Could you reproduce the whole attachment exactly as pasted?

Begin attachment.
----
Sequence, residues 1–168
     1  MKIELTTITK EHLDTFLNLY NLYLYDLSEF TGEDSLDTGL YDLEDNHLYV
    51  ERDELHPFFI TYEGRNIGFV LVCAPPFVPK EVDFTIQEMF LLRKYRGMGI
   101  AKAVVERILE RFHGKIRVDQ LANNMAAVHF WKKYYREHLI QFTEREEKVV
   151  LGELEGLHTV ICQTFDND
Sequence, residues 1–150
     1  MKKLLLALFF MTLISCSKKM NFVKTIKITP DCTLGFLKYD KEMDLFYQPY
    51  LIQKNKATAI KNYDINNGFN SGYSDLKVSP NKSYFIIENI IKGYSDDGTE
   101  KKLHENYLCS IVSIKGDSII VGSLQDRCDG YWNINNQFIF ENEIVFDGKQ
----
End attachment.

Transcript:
Sequence, residues 1–168
     1  MKIELTTITK EHLDTFLNLY NLYLYDLSEF TGEDSLDTGL YDLEDNHLYV
    51  ERDELHPFFI TYEGRNIGFV LVCAPPFVPK EVDFTIQEMF LLRKYRGMGI
   101  AKAVVERILE RFHGKIRVDQ LANNMAAVHF WKKYYREHLI QFTEREEKVV
   151  LGELEGLHTV ICQTFDND
Sequence, residues 1–150
     1  MKKLLLALFF MTLISCSKKM NFVKTIKITP DCTLGFLKYD KEMDLFYQPY
    51  LIQKNKATAI KNYDINNGFN SGYSDLKVSP NKSYFIIENI IKGYSDDGTE
   101  KKLHENYLCS IVSIKGDSII VGSLQDRCDG YWNINNQFIF ENEIVFDGKQ